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CHILDREN WHO ARE exposed to tobacco smoke at home miss more days of school than do children living in smoke-free homes, a new MGH study confirms. The report – which finds these children have higher rates of respiratory illnesses caused by second-hand smoke and details the probable economic costs of increased school absence – has been released in the online edition of Pediatrics.

Study confirms absenteeism in children exposed to smoke

09/Sep/2011

CHILDREN WHO ARE exposed to tobacco smoke at home miss more days of school than do children living in smoke-free homes, a new MGH study confirms. The report – which finds these children have higher rates of respiratory illnesses caused by second-hand smoke and details the probable economic costs of increased school absence – has been released in the online edition of Pediatrics.

“Among children ages 6 to 11 who live with smokers, a quarter to a third of school absences are due to household smoking,” says Douglas Levy, PhD, of the Mongan Institute for Health Policy at MGH, the paper’s lead author. “On a national basis these absences result in $227 million in lost wages and time for caregivers or their employers.”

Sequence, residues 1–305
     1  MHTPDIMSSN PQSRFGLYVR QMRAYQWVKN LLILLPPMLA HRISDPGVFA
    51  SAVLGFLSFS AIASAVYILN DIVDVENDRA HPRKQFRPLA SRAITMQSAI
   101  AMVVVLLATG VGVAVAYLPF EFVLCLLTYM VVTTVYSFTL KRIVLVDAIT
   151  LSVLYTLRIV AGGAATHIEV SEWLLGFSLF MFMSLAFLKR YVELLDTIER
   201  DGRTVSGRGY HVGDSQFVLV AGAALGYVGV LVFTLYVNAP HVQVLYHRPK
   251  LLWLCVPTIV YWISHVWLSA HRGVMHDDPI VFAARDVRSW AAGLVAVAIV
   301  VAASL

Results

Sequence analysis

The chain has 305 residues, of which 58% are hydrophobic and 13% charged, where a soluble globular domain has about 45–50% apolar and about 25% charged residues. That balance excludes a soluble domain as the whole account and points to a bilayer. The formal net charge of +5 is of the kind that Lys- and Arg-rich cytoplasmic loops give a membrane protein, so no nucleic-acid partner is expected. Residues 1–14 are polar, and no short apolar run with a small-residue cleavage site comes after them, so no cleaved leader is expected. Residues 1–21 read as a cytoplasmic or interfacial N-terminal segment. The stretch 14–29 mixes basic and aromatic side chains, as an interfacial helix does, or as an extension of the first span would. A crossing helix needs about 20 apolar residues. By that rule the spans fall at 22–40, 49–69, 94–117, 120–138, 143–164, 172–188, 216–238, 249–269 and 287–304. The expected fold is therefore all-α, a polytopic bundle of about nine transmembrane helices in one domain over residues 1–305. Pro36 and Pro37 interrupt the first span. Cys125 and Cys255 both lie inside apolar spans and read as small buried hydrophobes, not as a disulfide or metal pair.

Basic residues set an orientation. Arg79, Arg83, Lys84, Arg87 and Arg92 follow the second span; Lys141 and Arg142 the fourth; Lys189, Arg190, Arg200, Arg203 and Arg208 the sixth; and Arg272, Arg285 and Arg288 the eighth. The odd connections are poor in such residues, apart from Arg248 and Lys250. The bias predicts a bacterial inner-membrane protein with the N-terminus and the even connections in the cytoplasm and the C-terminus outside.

The MGH team analyzed data from a nationwide survey of representative households.  Adults from homes with young schoolchildren were asked to evaluate each child’s general health and to answer questions such as how many people smoked inside their homes, how many school days a child lost to illness in the previous year, and whether the child had specific illnesses during that year or more recently. More than 14 percent of the 3,000 children whose information was analyzed lived with at least one person who smoked in the house, representing 2.6 million children nationwide. During the surveyed year, children living with one indoor smoker were absent an average of one more day than those living in homes where no one smoked indoors; those living with two or more indoor smokers were absent for one and a half additional days. Illnesses associated with tobacco-smoke exposure – including ear infections and chest colds – accounted for 24 percent of absences in children living with a single indoor smoker and 34 percent for those living with two or more.

“The health impact of living with a smoker is probably more extensive than our study shows, since the survey only asked about three smoking-associated conditions – ear infections, chest colds and asthma – and there are several more,” Levy says. “Since almost half of the smoking households in our study had low incomes, the economic impact may be strongest on households least able to afford it.”

Senior author of the Pediatrics report is Nancy Rigotti, MD, of the Mongan Institute for Health Policy and the MGH Tobacco
Research and Treatment Center, and Jonathan Winickoff, MD, MPH, of MassGeneral Hospital for Children is a co-author.

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